The primary purpose of an FTZ is to contribute to a country’s economic growth. Governments increasingly promote trade by creating FTZs as free-trading areas within a national border where a minimum level of oversight occurs. FTZs attract employers, stimulate the area’s economy and promote economic growth for the host country by increasing foreign investment, employment, innovation and technological development.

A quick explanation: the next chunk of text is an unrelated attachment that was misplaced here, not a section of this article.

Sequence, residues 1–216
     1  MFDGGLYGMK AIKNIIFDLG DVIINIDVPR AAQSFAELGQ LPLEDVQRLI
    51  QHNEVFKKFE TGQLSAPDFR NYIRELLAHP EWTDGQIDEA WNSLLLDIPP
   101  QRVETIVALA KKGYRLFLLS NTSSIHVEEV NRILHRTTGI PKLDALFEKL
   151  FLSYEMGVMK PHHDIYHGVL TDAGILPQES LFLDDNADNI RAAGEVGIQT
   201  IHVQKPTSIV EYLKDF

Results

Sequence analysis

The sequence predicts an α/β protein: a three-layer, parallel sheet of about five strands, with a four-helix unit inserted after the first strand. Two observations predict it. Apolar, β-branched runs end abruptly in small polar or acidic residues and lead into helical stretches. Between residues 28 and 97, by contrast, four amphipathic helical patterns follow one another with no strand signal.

Exploitation of FTZs

However, insufficient oversight is a major enabler of counterfeiting. Along with the recent global proliferation of FTZs has come increasing vulnerability to a wide range of abuses by criminals who have taken advantage of relaxed oversight, softened customs controls and the lack of transparency in these zones. The reason that FTZs are so popular – the relaxation of regulations and oversight of operations – has also made them attractive to criminal networks and those involved in the manufacture, packaging and distribution of counterfeit goods.